The American Hospital Association reported that hospitals spend hundreds of thousands to millions of dollars each year to respond to RAC audits. This money could be better spent improving patient care.

Our hospital clients are burdened with annual audits on behalf of Medicare and Medicaid and the overregulation unique to the health care industry. The combination of both these items puts tremendous pressure on hospital management to effectively plan for the future of their organizations.

Medicare Charges and Payments

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June 12, 2015

McLafferty_MikeBy Michael McLafferty, CPA, MBA, FACHE, FHFMA, FACMPE

Medicare has released data regarding charges and the payment of claims to hospitals and physicians as of June 1, 2015. The data is being released as part of Medicare’s effort to be transparent regarding the payments amount for claims.

The latest data release provides charges for similar services in all 50 states and Washington D.C. The data covers annual periods of 2013, 2012 and 2011.

Medicare hopes that this data will provide Medicare beneficiaries and providers with the information they need to better understand the cost of various services. There is also a listing of the top 100 inpatient services that Medicare has paid for over the three year period.

The effort to provide charge and cost information to Medicare beneficiaries and providers is part of the Affordable Care Act legislation. The sharing of this data is seen as one of the many steps the Centers for Medicare and Medicaid is taking to reduce costs.

The more direct efforts to reduce costs and improve quality of services on the provider side include the Medicare Shared Savings Program, the Physician Quality Reporting System, Meaningful-Use, and the Value-Based Modifier. All of these programs are at different stages of implementation and success at reducing costs and improving quality. A new Merit-Based Incentive Payment System will be introduced in 2019.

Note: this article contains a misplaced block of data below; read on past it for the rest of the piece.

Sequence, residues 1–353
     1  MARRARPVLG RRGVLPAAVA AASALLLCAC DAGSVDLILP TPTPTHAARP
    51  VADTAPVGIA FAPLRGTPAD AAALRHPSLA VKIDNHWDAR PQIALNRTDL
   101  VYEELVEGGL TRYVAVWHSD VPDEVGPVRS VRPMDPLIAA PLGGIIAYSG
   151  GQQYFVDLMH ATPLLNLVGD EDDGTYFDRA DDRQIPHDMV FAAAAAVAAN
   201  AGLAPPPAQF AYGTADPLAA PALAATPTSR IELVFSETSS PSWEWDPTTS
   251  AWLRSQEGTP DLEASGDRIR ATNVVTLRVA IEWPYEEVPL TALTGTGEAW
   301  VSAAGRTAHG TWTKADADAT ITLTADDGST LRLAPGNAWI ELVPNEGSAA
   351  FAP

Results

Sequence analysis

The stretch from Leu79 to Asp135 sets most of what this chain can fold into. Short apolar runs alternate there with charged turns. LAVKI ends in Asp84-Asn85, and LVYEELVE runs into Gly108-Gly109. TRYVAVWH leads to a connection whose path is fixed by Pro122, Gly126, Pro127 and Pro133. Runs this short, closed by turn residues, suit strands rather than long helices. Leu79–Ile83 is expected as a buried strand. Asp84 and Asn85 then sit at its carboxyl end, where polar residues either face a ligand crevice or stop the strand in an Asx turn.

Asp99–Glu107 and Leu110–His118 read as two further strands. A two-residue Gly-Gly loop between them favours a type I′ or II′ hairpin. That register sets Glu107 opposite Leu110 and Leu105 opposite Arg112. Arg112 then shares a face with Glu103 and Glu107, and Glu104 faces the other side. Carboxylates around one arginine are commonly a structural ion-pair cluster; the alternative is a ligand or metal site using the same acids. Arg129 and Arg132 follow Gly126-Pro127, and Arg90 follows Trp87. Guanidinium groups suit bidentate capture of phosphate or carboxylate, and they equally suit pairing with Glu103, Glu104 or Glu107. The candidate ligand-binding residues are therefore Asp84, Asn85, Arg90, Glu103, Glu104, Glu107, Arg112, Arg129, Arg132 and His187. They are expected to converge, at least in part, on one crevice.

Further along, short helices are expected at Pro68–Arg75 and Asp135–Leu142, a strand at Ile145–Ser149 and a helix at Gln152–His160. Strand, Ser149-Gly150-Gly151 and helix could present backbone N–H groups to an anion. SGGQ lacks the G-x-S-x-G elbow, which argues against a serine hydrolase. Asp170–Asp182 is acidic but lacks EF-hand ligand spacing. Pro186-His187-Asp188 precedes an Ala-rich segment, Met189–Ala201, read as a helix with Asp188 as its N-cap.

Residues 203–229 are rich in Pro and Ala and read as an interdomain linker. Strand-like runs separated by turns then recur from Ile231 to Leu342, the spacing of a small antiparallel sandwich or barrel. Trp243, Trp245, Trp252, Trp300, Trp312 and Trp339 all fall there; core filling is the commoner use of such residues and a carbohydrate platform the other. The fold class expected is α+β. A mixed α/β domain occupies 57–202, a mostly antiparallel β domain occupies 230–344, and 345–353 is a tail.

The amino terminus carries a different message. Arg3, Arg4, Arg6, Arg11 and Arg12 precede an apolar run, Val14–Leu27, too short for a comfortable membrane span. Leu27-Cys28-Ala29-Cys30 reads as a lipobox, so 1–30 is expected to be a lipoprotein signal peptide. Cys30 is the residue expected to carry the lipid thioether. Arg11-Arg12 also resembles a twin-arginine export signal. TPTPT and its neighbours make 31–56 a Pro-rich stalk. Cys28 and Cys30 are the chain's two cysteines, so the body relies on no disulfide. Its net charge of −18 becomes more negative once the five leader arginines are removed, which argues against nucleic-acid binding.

Merit-Based Incentive Payment

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June 1, 2015

McLafferty_MikeBy Michael McLafferty, CPA, MBA, FACHE, FHFMA, FACMPE

The Merit-Based Incentive Payment (MIPS) system was set up as a compromise by the Health and Human Services Department to replace the current Medicare Part B Sustainable Growth Rate (SGR). The MIPS system is based on aggregating annual levels of activities for eligible providers.

MIPS annually measures Medicare Part B providers in four performance categories to derive a score from 0 to 100 points, which can significantly change a provider's Medicare reimbursement in each payment year.  The performance categories are: Value-Based Modifier (VBM)-measured quality (up to 30 points), VBM-measured resource use (30 points), Meaningful-Use (MU) (25 points), and a new category named "clinical practice improvement" (15 points).  The MIPS score's maximum impact on reimbursement increases from +/- 4% for the 2019 payment year to +/- 9% for the 2022 and subsequent payment years. 

 The measurement or performance period determining the MIPS score should end prior to and as close as possible to the provider’s payment year.  Based on our past experience with Medicare programs such as MU and VBM, there is typically a two-year lag from performance year to payment year, making 2017 the anticipated first performance year—the MIPS score would then adjust reimbursements in the 2019 payment year. 

The payment adjustments that could be made to the reimbursement levels of a practice are potentially significant. Providers and their business management team needs to be compliant with the requirements of the MIPS program.